Andrew Moses 18:42
I think it says a lot care about you and your story and how you’ve motivated and inspired so many people too. I want to get into that a little bit. So when you call yourself an accidental entrepreneur, when’s the big aha moment that you’re going to create? Hint?

Kara Goldin 18:58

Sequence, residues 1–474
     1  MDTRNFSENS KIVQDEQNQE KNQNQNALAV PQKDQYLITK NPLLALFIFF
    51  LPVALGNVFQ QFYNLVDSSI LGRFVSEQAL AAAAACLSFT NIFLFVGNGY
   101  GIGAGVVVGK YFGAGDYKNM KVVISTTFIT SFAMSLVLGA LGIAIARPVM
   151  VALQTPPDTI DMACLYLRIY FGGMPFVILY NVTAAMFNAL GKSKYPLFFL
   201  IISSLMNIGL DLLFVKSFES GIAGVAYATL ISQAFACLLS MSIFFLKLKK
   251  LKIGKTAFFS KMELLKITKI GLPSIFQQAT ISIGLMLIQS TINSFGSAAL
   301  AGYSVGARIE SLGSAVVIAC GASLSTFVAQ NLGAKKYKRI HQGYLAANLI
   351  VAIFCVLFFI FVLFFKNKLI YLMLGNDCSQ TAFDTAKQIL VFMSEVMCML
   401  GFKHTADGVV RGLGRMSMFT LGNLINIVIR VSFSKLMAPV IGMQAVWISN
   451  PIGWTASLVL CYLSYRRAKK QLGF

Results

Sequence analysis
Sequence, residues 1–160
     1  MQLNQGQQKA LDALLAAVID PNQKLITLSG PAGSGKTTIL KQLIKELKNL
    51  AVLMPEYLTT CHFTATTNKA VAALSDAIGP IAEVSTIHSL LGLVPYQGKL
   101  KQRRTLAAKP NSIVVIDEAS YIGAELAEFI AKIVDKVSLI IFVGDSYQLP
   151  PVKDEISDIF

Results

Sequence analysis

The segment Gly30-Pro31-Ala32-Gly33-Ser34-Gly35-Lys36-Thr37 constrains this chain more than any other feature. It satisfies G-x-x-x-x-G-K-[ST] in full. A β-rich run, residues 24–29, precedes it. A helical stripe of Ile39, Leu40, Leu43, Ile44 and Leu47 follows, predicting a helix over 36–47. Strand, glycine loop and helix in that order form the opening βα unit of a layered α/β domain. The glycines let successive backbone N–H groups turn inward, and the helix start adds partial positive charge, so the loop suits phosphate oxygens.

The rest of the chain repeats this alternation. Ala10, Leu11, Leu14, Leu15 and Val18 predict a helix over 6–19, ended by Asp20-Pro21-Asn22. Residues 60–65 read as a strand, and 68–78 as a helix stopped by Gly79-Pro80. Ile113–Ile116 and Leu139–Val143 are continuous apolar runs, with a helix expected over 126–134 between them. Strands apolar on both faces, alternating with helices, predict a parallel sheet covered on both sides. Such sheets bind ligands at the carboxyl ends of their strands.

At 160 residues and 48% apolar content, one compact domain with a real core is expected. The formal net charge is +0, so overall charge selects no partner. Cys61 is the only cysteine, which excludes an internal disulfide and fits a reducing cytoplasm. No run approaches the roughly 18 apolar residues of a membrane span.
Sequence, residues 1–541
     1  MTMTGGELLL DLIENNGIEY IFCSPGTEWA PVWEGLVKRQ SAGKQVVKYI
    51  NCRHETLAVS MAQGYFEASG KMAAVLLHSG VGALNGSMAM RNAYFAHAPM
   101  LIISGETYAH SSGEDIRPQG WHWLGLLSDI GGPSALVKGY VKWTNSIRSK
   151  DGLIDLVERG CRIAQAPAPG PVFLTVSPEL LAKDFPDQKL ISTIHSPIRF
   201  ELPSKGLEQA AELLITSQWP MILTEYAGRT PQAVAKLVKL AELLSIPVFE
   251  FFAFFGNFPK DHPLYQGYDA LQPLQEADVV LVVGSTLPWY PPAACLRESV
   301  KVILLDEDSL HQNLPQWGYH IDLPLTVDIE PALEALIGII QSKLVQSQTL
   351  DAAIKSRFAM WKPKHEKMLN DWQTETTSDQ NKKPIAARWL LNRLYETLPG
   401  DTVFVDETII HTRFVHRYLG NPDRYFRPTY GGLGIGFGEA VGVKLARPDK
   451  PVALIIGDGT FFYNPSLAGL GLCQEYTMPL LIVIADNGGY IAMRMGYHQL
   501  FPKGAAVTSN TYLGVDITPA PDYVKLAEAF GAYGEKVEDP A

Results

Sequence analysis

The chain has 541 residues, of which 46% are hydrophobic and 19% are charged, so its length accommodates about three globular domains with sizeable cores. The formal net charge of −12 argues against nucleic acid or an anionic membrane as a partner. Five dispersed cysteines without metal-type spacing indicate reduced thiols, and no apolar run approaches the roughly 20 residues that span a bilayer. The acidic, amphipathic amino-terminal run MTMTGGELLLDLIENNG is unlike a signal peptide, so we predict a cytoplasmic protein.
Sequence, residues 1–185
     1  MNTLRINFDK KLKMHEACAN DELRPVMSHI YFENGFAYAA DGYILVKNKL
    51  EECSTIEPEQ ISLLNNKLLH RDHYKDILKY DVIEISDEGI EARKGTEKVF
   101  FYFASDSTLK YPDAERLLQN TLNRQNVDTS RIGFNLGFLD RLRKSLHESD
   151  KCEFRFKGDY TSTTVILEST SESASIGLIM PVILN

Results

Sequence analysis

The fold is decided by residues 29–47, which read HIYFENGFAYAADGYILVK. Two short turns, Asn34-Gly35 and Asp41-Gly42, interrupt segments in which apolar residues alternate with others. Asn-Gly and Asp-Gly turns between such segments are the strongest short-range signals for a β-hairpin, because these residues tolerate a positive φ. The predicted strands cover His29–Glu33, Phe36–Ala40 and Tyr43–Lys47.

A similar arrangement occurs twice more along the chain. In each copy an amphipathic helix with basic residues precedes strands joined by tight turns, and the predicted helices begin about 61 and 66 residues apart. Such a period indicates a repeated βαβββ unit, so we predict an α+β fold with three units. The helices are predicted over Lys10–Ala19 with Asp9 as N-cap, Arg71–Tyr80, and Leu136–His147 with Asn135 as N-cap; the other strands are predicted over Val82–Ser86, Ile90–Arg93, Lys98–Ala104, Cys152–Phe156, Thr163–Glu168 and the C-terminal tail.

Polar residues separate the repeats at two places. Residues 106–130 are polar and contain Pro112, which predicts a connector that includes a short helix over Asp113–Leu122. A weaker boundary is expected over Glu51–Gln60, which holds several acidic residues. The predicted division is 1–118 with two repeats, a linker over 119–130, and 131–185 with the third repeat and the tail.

Well, I started my career in media and actually left time and went to CNN and then moved to the Bay Area where I live now. And that’s when I worked. My first job in tech, I worked for a little spin out of apple that was a Steve Jobs idea that was, you know, probably the the earliest stage startup prior to starting my own company that I think anyone could go and work for. We went through an acquisition by a company called America Online. And I think having worked for companies worked for entrepreneurial ventures between CNN and to market and then America Online. I that gave me the confidence to kind of go and do my own thing. I didn’t take time off to actually go start a company. become an entrepreneur, though. I think it was during this time that I was, you know, being a mom, I decided to take a I actually said I was going to take a couple of months off but I ended up taking a few years off and really enjoyed just like that time with my young kids, but also found that I was interested in their health and helping them to get healthy and sort of, I’d never read ingredients in food and drinks, I just assumed that if something said diet or low fat, it was like better for you. I never had looked at the amount of sugar in products. And that was something I was doing, you know, with my young kids. But when I realized that I kind of had them figured out and they were on the right path. That’s when I looked at myself. And I thought, kind of a hypocrite, like, I’m sitting here drinking all these diet sweeteners. And I don’t know, like, I don’t even know if it’s very good for me, I wouldn’t give it to my kids. So why am I actually putting in my own body. And that’s when I decided to just stop and start drinking water. I knew water was better for me, but I just didn’t like the taste of water, I thought it was really boring. So in order to get over that hump, I started slicing a fruit and throwing it in the water. And that’s when I thought, Wow, I feel healthier, I not only lost over 24 pounds in two and a half weeks, and my skin cleared up, I never really thought I was unhealthy. I just had assumed that this was the way, you know, as I aged, like, this is how I was supposed to be. And I just I really started to realize that these diet sweeteners were just really causing havoc on my system. And I thought, I bet there’s a lot of other people who don’t know, this either. I mean, obviously, these industries, the diet industry, the diet industry is huge. And I thought, I wonder if I could get a product on the shelf at a local store. And maybe that would help people to understand that they could have water that tasted better with no sweeteners in it. I never thought about it as I’m gonna go start my own company, or I’m gonna take on big soda, or big sugar or diet sweeteners, or whatever. And instead, I just focused on the steps, like, launch a product at Whole Foods, and I was laser focused, to be able to, like, go out and try and get that done. And, you know, I think like, that’s the thing that I share with entrepreneurs, about my journey is that if you focus on the end game are, you know, sort of the overall goal, it’s not that you don’t know what the goal is, but you got to focus on the steps. Because if you don’t focus on the steps in order to get to the end, you often won’t get past the beginning because you just think that it’s so hard and daunting, right? And you’ve got to just go out and just figure out how do I get the steps accomplished first. And so that’s the story of Hant and got it on the shelf at Whole Foods and San Francisco and a few other specialty stores in the Bay Area. And then you know, today 17 years later, it’s you know, quarter of a billion dollars in sales. It’s the largest privately held non alcoholic beverage in the country that doesn’t have a relationship with Coke, Pepsi or Dr. Pepper Snapple like I said, started a product and company and entirely new category which is still the leader in the category of unsweetened flavored waters. So it can be done. You can come from different industry to go start something you just have to work hard and and work smart and be able to see around corners and really be able to ask a lot of questions here a lot of knows all of those pieces along the way. But you know, being an entrepreneur, I think it’s been over glamorized. I think it’s, you know, can be lonely to be an entrepreneur, it can be it’s a lot of hard work, ways, your ways to make money as I share with college students. So it’s